First of all, this is not an economically viable alternative to POD services. Although fairly good inkjet printers are not particularly expensive, their ink is the costliest substance in the world by volume and good paper doesn’t come cheap. Add to this all the mistakes when learning and the occasional FUBAR print when the printer jams, ink dries up, etc. So why do it? All sorts of reasons: to exercise total control over the entire photographic process (I’m convinced all of us “enthusiast” photographers are control freaks); the pleasure of producing something oneself; the (almost) instant gratification of …
If anyone’s planning a holiday / photo trip to the SE of France this summer (northern hemisphere), I’ll be happy to offer some venue information / the odd bit of logistical/linguistic help. I live midway between Aix-en-Provence and Avignon, about 70 km North of Marseilles and an hour’s drive from Arles and the Camargue wetlands.
Here are some examples:
Avignon Festival – July 2012 This is the French equivalent of the Edinburgh festival in the medieval city of Avignon, which has a direct high-speed train link to Paris. Hotels are booked solid in the city and parking is nearly impossible during the festival.
Les Rencontres d’Arles – opens 2 July Arles is home to the French national school of photography. Exhibitions and courses (in French) until September. It’s also where you’ll …
France has stringent privacy laws which English-speaking visitors really need to appreciate. If you’re coming to France this year and are planning to photograph street scenes, please consult the nearest French consulate prior to departure about your rights as photographer. It’s just possible they have a fact sheet. Please note that you are subject to French laws whilst in France; being a tourist is not a get-out-of-jail-free card (unless you’re an accredited member of the diplomatic corps). The following is offered as a general pointer and should in no way be considered professional legal advice. Thanks to Byron for prompting this with his excellent journal entry on photographers’ rights.
Here’s an easy one: you cannot use a tripod in public areas. They’re considered a…
I’m old enough to remember when AWB meant “Average White Band”, a very funky Glaswegian group that sounded more Detroit than Detroit did. In photography, once you’ve taken your platform heels off, it refers to how cameras measure the colour of light.
It may come as a surprise to learn that light comes in different colours. This is particularly important to compact camera users. Our cameras guess the colour and produce jpgs that are harder to correct for the camera’s mistakes than RAW captures. The result is all too often seasick portraits under fluorescent lighting or distinctly jaundiced subjects in candlelight or tungsten lighting. If you’re old enough, you may remember getting film prints back from labs where only the first three shots were correct and everything else was strangely blu…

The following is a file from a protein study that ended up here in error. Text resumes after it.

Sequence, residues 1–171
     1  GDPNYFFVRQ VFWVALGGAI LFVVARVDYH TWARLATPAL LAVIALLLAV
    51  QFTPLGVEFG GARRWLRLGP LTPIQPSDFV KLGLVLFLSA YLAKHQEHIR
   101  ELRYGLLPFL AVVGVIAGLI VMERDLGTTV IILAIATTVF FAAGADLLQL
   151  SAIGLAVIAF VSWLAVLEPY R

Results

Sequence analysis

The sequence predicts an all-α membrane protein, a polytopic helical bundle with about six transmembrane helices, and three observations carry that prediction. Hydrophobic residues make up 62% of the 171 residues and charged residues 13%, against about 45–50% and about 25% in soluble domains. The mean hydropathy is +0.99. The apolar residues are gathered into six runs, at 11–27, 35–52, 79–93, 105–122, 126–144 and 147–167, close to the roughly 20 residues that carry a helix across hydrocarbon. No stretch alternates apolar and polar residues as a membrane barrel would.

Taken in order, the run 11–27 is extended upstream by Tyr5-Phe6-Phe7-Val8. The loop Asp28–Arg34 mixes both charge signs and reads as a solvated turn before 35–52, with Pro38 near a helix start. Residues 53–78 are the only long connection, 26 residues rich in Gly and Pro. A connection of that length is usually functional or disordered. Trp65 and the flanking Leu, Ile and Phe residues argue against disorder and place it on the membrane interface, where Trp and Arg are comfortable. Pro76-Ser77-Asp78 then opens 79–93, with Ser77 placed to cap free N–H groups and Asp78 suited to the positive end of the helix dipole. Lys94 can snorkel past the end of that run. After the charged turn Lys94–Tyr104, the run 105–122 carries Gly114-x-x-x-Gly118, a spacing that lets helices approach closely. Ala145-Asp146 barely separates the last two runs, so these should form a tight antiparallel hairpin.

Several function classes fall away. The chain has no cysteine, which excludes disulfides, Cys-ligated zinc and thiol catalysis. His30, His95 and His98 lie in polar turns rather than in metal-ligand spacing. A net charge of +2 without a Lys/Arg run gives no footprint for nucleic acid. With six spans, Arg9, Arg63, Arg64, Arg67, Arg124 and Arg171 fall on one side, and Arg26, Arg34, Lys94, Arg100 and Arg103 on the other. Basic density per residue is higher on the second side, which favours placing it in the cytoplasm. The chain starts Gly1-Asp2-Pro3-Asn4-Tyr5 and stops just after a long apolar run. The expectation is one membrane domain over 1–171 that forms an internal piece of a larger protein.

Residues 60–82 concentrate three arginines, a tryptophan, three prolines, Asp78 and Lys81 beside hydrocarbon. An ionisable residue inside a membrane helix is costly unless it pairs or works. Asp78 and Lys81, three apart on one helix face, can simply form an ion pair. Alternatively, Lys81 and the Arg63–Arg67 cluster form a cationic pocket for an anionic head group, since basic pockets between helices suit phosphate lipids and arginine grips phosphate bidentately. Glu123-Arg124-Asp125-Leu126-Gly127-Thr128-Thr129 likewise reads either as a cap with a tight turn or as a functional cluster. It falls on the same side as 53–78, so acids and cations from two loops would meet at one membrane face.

Nearly every digital camera uses a passive autofocus system that falls into one of two categories: phase detect (mostly SLRs) and contrast detect (mostly compacts, bridges and hybrids). The technologies used are fascinating, but the results can be frustrating in the extreme. As I’m old enough to remember a time when AF didn’t exist and because my favourite lenses are MF, I thought I’d have a go at explaining how AF works and what to do when it doesn’t.
Basically, a small motor in the lens or body of the camera adjusts the lens’ focusing mechanism in light of the processor’s reading of separate light rays from the subject (phase detect; think “dam busters” range-finding) or by measuring contrast on a given subject (contrast-detect). This is done more or less at the same time as exposure me…
Several bubblers are in mourning today. Of less world-shaking importance, so are the English version of Wikipedia and other Internet resources. The reason is various on-line sites protesting against two bills before the US Senate and House of Representatives that are intended to introduce criminal sanctions against sites infringing US copyright law.
The 96% of humans who have the misfortune of not being Americans may wonder why we’re being deprived of the very right to information decried by these sites (admittedly for today only). Well, the US legislature has frequently considered its laws have global jurisdiction (Helms-Burton comes to mind) and these bills, if they become law, would sanction sites outside the US. One consequence is that if you violate US copyright law in RB, you and yo…